Grace to you!
Visualize the two on the way to Emmaus (Lk 24:13-35); namely, Cleopas and the other disciple whose name was not mentioned. Jesus, unrecognized, joins in the conversation.
The Lord Jesus had given an explicit instruction for the disciples to go to Galilee where they will see him (Mt 28:7; Mk 16:7). “The women” had reported the good news to the disciples early on Easter morn as well. Similarly, the bible is clear—the two main places Jesus met with some or many of the disciples was in Jerusalem (probably the first days), and then in Galilee, as he had instructed.
Yet the two on the way to Emmaus chose to go in the opposite direction, heading at least six to seven miles west, away from Jerusalem (if I would take Josephus’ opinion of the exact location of Emmaus as my evidence). Thus, certainly, the two weren’t going in the direction of Galilee nor staying in Jerusalem where the rest of the disciples were lodged. This was an outright disregard of the Lord’s instruction, which suggests they hardly believed him after the crucifixion.
As they leave, they start off a conversation, revealing the hidden depressing thoughts locked in their mind. They seem to have been completely disappointed by Jesus’ death, as the apostles were. Not only did they describe Jesus with his human, biological name alone (Jesus of Nazareth) without reference to his identity as Christ, they called him “a prophet mighty in deed and word…” (Lk 24:19). Jesus wasn’t simply a prophet.
In their words, “We had hoped he [Jesus] was the one to redeem Israel (24:21).” Observe the tenses used, denoting an obvious objection to who they thought Jesus was. They equally express tacit unbelief regarding the news from the women concerning the resurrection.
In this story, we see a summary of some doubts people have about Jesus’ identity. The two had similar doubts too, hence their frustration at his death.
Jesus, “the silent listener to every conversation,” joins them in the conversation. They couldn’t recognize him. I was wondering why they couldn’t recognize Jesus in their midst.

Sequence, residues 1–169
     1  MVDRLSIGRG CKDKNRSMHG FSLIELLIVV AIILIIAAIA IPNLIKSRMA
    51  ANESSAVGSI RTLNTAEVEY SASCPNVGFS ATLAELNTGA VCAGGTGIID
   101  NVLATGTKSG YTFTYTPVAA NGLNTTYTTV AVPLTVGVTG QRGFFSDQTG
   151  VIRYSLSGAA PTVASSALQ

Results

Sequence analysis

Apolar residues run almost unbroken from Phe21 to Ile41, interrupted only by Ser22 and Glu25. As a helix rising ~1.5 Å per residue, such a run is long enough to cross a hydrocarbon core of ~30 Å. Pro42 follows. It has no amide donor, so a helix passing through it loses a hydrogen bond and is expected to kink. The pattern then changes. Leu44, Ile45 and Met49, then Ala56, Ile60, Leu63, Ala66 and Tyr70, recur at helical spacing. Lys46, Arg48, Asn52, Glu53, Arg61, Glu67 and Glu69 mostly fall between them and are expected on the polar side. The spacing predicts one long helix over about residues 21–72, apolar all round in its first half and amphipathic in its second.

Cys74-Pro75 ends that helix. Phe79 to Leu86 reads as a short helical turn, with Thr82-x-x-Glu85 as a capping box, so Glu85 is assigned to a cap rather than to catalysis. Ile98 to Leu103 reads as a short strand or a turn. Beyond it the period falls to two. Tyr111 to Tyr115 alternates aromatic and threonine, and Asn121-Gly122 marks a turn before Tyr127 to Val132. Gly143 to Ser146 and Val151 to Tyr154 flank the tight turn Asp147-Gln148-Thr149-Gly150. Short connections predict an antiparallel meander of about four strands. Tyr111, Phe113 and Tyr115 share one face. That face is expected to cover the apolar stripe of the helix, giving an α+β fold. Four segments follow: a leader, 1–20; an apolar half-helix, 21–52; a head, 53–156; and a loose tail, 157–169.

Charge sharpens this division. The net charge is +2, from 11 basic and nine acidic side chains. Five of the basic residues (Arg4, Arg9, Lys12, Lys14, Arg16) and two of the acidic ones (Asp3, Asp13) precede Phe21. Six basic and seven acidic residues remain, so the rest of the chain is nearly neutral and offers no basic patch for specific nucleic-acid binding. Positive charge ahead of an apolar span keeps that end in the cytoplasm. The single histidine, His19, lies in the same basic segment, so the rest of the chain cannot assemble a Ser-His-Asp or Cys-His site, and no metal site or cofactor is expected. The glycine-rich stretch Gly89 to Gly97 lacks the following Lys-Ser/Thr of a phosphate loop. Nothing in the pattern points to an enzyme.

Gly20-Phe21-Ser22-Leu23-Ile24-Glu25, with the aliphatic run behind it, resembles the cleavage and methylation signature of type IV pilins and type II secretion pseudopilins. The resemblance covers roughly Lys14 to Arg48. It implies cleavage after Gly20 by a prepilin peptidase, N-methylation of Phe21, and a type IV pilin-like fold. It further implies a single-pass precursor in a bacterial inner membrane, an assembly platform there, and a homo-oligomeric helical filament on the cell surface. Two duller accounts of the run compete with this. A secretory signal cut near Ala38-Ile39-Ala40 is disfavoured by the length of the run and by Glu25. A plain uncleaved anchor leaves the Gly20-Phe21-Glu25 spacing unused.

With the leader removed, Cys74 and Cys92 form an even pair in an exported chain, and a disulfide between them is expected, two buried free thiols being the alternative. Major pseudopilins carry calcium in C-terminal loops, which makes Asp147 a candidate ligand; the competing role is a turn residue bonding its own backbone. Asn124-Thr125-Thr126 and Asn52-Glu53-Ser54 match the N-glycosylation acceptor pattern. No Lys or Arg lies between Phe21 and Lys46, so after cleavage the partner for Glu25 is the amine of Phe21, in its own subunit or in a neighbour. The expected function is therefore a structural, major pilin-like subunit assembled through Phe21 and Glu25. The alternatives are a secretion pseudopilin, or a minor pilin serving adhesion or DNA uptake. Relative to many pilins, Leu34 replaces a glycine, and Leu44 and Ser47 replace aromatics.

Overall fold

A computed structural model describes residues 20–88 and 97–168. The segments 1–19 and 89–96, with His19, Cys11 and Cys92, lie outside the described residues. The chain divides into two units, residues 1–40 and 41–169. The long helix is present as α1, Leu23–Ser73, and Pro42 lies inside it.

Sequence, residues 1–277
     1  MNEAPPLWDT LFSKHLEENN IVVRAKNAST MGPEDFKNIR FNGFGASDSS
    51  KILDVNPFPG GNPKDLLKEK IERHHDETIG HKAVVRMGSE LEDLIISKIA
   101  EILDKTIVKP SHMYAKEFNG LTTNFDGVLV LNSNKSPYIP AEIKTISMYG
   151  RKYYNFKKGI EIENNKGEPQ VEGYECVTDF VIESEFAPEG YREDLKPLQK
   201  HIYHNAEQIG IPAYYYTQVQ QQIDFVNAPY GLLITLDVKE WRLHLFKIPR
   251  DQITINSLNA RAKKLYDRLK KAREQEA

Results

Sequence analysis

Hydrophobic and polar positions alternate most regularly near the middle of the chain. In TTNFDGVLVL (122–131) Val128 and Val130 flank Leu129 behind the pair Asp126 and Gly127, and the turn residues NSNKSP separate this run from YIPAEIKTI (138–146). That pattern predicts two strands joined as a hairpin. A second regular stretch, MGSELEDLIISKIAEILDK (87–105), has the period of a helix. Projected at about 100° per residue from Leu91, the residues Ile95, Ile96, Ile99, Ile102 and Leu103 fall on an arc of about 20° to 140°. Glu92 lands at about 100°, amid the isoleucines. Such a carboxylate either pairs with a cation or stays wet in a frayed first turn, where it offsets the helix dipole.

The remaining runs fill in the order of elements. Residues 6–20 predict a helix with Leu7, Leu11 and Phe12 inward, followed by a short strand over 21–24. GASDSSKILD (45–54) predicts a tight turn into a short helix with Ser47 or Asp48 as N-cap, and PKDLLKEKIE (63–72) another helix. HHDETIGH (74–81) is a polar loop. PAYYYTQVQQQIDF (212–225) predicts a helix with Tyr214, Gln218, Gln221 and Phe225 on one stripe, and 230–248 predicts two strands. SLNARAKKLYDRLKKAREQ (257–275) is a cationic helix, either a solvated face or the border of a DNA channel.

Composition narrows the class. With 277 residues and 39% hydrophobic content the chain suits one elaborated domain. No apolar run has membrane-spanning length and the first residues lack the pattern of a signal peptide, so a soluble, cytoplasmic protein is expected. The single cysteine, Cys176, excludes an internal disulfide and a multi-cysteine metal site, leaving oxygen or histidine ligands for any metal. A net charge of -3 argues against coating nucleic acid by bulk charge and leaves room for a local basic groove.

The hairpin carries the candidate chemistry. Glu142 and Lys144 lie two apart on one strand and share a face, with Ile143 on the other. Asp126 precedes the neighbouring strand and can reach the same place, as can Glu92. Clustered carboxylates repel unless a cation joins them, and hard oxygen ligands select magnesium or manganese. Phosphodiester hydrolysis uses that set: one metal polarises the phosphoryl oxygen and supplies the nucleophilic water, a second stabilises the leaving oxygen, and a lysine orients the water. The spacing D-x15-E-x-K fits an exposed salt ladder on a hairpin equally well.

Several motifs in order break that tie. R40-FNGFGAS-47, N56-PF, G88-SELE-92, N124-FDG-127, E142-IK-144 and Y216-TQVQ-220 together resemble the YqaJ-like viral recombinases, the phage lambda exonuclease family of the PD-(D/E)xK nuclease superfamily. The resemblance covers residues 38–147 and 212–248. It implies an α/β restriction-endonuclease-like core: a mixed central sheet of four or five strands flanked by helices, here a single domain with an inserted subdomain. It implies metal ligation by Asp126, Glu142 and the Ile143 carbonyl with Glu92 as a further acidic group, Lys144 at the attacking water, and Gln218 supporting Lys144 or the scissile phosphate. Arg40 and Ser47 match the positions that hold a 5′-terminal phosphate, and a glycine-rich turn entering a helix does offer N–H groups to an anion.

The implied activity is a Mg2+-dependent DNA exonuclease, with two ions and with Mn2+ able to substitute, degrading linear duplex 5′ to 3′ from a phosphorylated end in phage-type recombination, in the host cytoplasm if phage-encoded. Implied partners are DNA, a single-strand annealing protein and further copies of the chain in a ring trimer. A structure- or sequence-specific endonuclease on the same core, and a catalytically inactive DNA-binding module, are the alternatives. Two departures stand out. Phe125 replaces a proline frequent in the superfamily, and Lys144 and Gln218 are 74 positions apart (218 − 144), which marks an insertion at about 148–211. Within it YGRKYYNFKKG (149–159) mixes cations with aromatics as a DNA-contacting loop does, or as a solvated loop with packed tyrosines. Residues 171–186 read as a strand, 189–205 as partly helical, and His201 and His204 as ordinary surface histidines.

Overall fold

Many times, we are so consumed with worries we can hardly see Jesus or hear his word. Our doubts are so loud, they deafen the ears of faith. Our disappointments are so deep, they blur our spiritual perception. Our problems seem so overwhelming we can’t see the Lord is here, walking with us, accompanying us. We are like the two on the way to Emmaus.
For instance, sometimes, during Mass we may not focus because we are so consumed by our anxieties. Hardly do we remember Jesus beckoning us from the Eucharist saying the words of his apostle, Peter, to us: Cast all your anxieties on me, for I care about you (1 Pt 5;7). Or his own words: “Come to me, all who labor and are heavy laden, and I will give you rest” (Mtt 11:28).
From the encounter between the two and Jesus, we learn at least two things: Good knowledge of Scripture opens our eyes to see the promises of the Lord, the prophecies. Walking by Divine Revelation is walking into true understanding of our struggles and concerns. Hence Jesus started to unravel the riches of the Law and the Prophets to the two, showing how they point to him as the Risen Lord, our hope and our joy.
Second, clarity about Divine Revelation is unpacked at the breaking of the bread. Though some have objections as to the meaning of the breaking of the bread in this text, Saint Augustine’s interpretation that it is in reference to the Eucharist has come to be accepted by many biblical scholars as correct. I uphold that too. The mysteries of divine conversation are constantly unpacked at the breaking of bread, the Eucharist. In this sacrament we see clearly what has set our hearts on fire as we hear the Word in Scripture.
We recognize truly the Lord is here, our hope and the answers to our queries. In and with him, the pains of disappointment are, after all, short-lived.
Praying that we may continue to encounter the Risen Lord through the Word and the Eucharist. Amen
God love you. God bless you.
Fr. Maurice Emelu
[Third Sunday of Easter A Week 3: Acts 2:14, 22-33; 1 Pt 1:17-21; Lk 24:13-35]
Father Maurice provides a daily blog of reflections based on the bible readings of the day from the Catholic liturgical calendar. You will find these reflections helpful for your spiritual growth, inspiration and developing your own thoughts. It may also be helpful for ministers in preparing their sermons for liturgical celebrations.